Posting to a timeline for historical fiction

photograph of timeline

Posting to a timeline is one of my most useful tools in writing historical fiction. Have a peek at my five-foot-long timeline of the Anthony-Osborn family, beginning in the 1700s and ending in 1930. On it, I have recorded not only events that were significant to the Anthonys but to the United States in general. So we have a mix of births, deaths, and marriages alongside events of the Civil War, the publication of Uncle Tom’s Cabin, dates of military service, arrests, and acts of civil or military disobedience.

My chronology of the Anthony family shows me where their lives intersected with each other or with important historic events. For example, a newspaper snippet mentioned that Daniel and Annie attended the nation’s centennial in July 1876. Posting it to my timeline reminded me that Susan was there for that nation’s birthday, too. She and her friends deemed the women’s pavilion at the Centennial Exhibition too apolitical for their taste and created their own headquarters.

While they were all in Philadelphia for the celebration, Daniel set Susan up to take control of the formal celebration of the Declaration of Independence proceedings and read the Women’s Declaration of Rights. He must’ve been grinning from ear to ear. Do you suppose that Annie chewed her cheek raw with anxiety until the whole demonstration was over? Or did she, too, cheer Susan on?

photo of baby dressed in white christening gown
Daniel and Annie named a daughter after
Susan B. Anthony

Here’s another thing I’m pondering. In September 1872, Daniel and Annie named a newborn daughter Susan B. Anthony II. Two months later, in November 1872, the elder Susan registered to vote and was subsequently arrested and convicted. This coincidence made me wonder: After Susan’s conviction, how did Annie and Daniel feel about naming their baby after Susan? We’ll likely never know the answer to this question, but they could certainly lead to an interesting fictional chapter.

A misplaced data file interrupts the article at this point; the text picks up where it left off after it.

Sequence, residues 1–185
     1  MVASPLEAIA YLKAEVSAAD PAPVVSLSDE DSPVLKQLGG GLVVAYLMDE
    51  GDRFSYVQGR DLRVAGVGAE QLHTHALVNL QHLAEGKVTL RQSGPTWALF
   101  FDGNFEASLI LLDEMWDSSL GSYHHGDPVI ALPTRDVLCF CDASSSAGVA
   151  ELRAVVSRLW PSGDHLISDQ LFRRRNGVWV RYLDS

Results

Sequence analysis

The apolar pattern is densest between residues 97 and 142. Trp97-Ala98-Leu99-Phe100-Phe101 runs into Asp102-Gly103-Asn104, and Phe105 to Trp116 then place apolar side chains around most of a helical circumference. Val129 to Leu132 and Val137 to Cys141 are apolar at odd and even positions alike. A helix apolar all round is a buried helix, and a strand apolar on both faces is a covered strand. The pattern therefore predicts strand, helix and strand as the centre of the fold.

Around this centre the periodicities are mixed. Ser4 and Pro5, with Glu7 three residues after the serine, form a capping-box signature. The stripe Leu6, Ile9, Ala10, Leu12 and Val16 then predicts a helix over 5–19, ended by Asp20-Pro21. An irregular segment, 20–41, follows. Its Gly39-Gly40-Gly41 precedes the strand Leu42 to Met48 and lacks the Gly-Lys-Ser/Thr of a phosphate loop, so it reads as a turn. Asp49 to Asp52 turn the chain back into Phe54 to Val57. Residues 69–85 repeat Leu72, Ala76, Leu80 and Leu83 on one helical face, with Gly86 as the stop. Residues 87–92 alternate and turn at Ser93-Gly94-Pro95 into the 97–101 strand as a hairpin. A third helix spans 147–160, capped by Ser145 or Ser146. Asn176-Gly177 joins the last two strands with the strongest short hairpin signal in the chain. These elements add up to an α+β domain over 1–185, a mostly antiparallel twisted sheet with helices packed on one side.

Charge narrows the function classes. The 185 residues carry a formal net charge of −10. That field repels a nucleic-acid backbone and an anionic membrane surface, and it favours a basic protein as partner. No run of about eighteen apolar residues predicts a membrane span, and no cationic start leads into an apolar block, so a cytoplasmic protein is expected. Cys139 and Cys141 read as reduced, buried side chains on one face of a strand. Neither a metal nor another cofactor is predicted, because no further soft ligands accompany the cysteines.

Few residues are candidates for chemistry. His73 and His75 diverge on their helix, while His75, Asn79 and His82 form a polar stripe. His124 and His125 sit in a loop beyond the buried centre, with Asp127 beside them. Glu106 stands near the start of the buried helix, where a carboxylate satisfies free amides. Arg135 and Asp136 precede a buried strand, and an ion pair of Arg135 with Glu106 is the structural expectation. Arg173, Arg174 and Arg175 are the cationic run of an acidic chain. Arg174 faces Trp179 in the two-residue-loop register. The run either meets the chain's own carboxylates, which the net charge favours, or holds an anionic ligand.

Finally, I came across this surprising fact as I studied my timeline. n 1875, Daniel sustained a near-fatal gunshot wound that required him to stay immobile in bed with compression on his neck for three months. During that period, he lost a lot of weight. Yet my timeline reveals that he and Annie traveled to Rochester, a trip of 1,000 miles, almost as soon as he was allowed to get up. If this isn’t a testament to his heartiness, I don’t know what is!

The Anthonys were real people who responded to current events and sometimes fretted over each other’s choices. I hope you enjoy getting to know them as much as I do.

Daniel Anthony’s Abolitionist Activities

“Well mercy me!” as they might have exclaimed in the 19th century. It seems I never published the post explaining why Daniel Anthony’s abolitionist activities were controversial. So let’s play catch-up. The photo above, from a mural in Pleasant Hill, Missouri, should give you a clue.

When Susan B. Anthony was four, her brother Daniel Read Anthony was born on August 22, 1824. The family called him “D.R.” to distinguish him from Susan’s father, whose name was also Daniel. Brother and sister grew up to be ardent abolitionists.

Jayhawkers and Bushwhackers

Before the Civil War, while Susan was hosting speaking tours for the New York State Antislavery Society, D.R. joined Jennison’s Jayhawkers on the Kansas-Missouri border, sparking fear in slaveholders’ hearts by laying waste to farms and liberating their slaves. Some blamed the Jayhawkers’ raids for inciting rage in Quantrill and his band, who attacked Lawrence.

After the jayhawkers raided Missouri slaveholders, they would free people in bondage and also “liberate” livestock. That is why midwesterners either hated or revered the jayhawkers, depending on politics of the onlooker. (Click here for a previous post about the livestock issue.)

The Border War between Kansas and Missouri involved Southern sympathizers (“bushwhackers,” usually from Missouri) tampering with Kansas elections. Bushwhackers were typically young plantation residents who made guerilla raids and retreated to the safety of their homes. The only way the abolitionists could rout them out was to attack the homes where the bushwhackers received provisions and protection.